By elevating the structure, we can constrain the building footprint, resulting in less developed land. Parking and services are tucked underneath, so more of the beachfront land opens up for amenities and recreation such as a shaded splash pool for small children, a public bike and walking trail or hidden hammocks nestled in palm trees.
In tandem with the deep setback, this creates a ground plane that is significantly more spacious, walkable and engaging, creating an effortless flow between the built and natural environment.
Senior Architect/Senior Project Manager
Chalmers Gibbs Architects
The choice of whether to “go green” or not is often simply linked to the dollar and we as designers and building owners have the option to seek environmental certifications such as LEEDS, Green Star, Energy Star and Green Global for our projects.
This does help to provide us with some incentive and direction to reach a certain plateau.
However, in endeavouring to have an environmentally sound and inspiring development, there is one most important element which is often overlooked. This is education.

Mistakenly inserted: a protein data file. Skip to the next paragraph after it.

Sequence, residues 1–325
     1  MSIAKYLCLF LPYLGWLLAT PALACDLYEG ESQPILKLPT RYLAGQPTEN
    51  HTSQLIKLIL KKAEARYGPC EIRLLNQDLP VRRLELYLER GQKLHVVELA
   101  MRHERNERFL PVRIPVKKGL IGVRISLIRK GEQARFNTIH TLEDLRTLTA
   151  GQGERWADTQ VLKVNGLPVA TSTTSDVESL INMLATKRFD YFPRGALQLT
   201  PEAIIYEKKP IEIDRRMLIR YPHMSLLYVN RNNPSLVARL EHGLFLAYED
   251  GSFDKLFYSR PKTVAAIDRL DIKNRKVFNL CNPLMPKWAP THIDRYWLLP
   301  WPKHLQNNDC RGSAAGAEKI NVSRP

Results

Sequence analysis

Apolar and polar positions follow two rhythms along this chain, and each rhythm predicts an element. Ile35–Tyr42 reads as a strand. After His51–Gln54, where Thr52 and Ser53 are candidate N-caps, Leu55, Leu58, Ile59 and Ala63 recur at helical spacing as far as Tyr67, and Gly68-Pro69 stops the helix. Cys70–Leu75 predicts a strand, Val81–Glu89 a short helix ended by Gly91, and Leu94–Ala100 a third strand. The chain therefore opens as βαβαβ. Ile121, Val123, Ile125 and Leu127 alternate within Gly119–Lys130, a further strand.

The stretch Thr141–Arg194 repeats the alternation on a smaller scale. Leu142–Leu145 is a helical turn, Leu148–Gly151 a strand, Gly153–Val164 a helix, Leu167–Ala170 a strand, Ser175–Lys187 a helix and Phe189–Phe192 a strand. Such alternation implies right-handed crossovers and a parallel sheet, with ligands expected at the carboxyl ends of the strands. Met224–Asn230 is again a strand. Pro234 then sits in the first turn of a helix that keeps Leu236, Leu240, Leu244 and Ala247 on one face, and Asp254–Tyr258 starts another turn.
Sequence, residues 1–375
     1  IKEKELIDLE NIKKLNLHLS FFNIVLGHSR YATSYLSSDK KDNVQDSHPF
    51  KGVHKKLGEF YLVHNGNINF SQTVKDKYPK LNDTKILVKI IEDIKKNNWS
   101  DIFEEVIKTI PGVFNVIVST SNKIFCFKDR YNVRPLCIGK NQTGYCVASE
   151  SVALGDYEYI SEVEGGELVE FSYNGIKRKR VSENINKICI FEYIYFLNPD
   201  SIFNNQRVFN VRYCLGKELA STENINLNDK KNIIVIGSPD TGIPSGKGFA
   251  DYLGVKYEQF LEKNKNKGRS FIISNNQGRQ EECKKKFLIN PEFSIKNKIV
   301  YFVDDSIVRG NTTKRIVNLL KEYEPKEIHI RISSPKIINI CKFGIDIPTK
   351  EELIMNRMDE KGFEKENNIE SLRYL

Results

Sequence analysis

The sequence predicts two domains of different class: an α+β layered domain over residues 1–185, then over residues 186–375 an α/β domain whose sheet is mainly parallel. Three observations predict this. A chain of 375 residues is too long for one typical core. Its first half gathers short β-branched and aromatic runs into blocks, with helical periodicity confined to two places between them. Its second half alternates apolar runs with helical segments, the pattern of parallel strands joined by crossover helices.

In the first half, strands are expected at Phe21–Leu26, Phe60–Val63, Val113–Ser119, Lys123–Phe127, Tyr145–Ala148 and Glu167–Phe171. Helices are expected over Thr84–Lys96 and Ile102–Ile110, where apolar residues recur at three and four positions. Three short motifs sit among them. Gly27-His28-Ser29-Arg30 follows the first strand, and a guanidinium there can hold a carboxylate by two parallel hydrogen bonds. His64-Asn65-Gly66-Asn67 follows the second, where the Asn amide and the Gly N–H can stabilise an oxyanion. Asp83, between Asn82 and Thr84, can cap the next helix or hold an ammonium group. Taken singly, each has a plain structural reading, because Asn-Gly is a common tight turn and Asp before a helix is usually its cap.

What does it mean to “go green”?
I was fortunate enough to work in a small Asian country a few years ago. One day a friend of mine, a school teacher, told me how he had observed his students’ parents throwing their rubbish into the main river. This had been an acceptable practise for hundreds of years.
He arranged to meet with the 20 students’ families after school one Friday evening. At this meeting he gave them all a rubbish bin and suggested that instead of throwing the rubbish in the water, they should put it in the biodegradable bags he had also bought for them.
His serotonin level was peaking when he left that day, as he felt that he had achieved something wonderful for the village. When he returned after the weekend, he saw 20 bags of rubbish floating down the river.
At the end of the day, we need to understand the big picture and what it means to go green.